The Liberal Democrats will this evening warn of the SNP achieving independence by the back door.
The Liberal Democrats will this evening warn of the SNP achieving independence by the back door
Declaring that “the Nationalist campaign continues”, Scottish Lib Dem Leader Willie Rennie will use a lecture at the David Hume Institute this evening in Edinburgh to warn of the consequences of the SNP holding the balance of power after May’s General Election.
“The SNP want independence by the back door,” Rennie will say. “As a minimum they say they want a form of ultra-extreme devolution that doesn’t exist anywhere else in the world and which would inevitably tip Scotland into independence.”
Accusing the SNP of having a flare for “redefining what an election was about” after the votes have been counted, he will continue:
“They told us the day before the referendum that it was a once-in-a-generation thing. Alex Salmond and Nicola Sturgeon stood beside a poster saying ‘One Opportunity’. The day after that referendum they started planning the next one.
“I find it inconceivable that their target to win every Scottish constituency in May will not result in an attempt by them to get independence by the back door.”
Last week, Alex Salmond, who will be contesting the House of Commons seat of Gordon argued that for Scotland, the General Election will be about delivering “real home rule.”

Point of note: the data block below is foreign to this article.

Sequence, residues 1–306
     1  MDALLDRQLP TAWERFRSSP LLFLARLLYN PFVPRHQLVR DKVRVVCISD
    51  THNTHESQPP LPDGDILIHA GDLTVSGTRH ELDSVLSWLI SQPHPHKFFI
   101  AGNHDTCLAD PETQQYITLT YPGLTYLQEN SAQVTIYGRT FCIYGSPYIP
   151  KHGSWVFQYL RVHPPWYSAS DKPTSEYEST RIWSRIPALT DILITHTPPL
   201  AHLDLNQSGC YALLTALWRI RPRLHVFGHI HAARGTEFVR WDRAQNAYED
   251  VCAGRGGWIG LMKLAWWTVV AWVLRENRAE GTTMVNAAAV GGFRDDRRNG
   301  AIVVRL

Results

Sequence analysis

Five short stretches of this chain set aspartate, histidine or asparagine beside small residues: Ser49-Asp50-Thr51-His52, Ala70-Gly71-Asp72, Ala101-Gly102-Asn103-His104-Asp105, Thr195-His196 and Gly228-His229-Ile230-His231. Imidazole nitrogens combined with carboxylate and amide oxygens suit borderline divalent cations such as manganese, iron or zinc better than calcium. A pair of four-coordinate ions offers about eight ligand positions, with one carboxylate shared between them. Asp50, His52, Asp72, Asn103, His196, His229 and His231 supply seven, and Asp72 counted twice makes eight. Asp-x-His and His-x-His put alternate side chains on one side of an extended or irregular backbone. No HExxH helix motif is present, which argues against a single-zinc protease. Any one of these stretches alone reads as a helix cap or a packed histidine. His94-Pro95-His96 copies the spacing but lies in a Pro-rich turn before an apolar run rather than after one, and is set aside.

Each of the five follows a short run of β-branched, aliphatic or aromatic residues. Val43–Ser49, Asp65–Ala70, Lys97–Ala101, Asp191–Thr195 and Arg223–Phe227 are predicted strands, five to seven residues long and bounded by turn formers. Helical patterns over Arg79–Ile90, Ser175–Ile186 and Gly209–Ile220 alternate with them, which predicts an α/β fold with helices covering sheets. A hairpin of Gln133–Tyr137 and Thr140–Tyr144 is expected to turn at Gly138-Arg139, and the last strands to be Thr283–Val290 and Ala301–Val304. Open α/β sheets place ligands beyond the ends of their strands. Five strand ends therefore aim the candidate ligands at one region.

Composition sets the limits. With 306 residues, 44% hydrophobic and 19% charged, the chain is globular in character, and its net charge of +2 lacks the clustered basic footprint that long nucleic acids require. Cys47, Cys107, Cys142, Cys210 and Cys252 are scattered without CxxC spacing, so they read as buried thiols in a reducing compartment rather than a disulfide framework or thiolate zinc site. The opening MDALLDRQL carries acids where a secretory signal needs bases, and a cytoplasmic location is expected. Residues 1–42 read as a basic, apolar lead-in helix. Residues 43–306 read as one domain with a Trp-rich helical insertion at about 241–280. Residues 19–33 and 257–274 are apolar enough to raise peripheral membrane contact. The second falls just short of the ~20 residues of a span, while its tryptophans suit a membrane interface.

Rennie will continue:
“Those who thought that winning the referendum by almost half a million votes was enough to put the issue to bed or even a lifetime need to think again. The Nationalist campaign continues.”
His comments have been ridiculed by the SNP, with a spokesperson having concluded:
“Poor Willie Rennie – the Lib Dems have been propping up the Tories for so long that they are now alienating themselves from even their very few remaining supporters.”
The developments come amidst ongoing questions over whether Labour would be prepared to do a deal with the SNP if that could secure Ed Miliband a majority to form a government.
Speaking to the Andrew Marr programme on Sunday Miliband declared, “I’m not about deals and coalitions.”
His reluctance to give a clearer response however contrasted sharply with that of Scottish Labour’s Deputy Leader, Kezia Dugdale, who earlier this month argued that she would have “no qualms whatsoever about working with the SNP.”
The former Labour First Minister Henry McLeish has also argued that it is important for Labour to maintain a dialogue with the SNP.
Ed Jacobs is a contributing editor to Left Foot ForwardLike this article? Sign up to Left Foot Forward's weekday email for the latest progressive news and comment - and support campaigning journalism by making a donation today.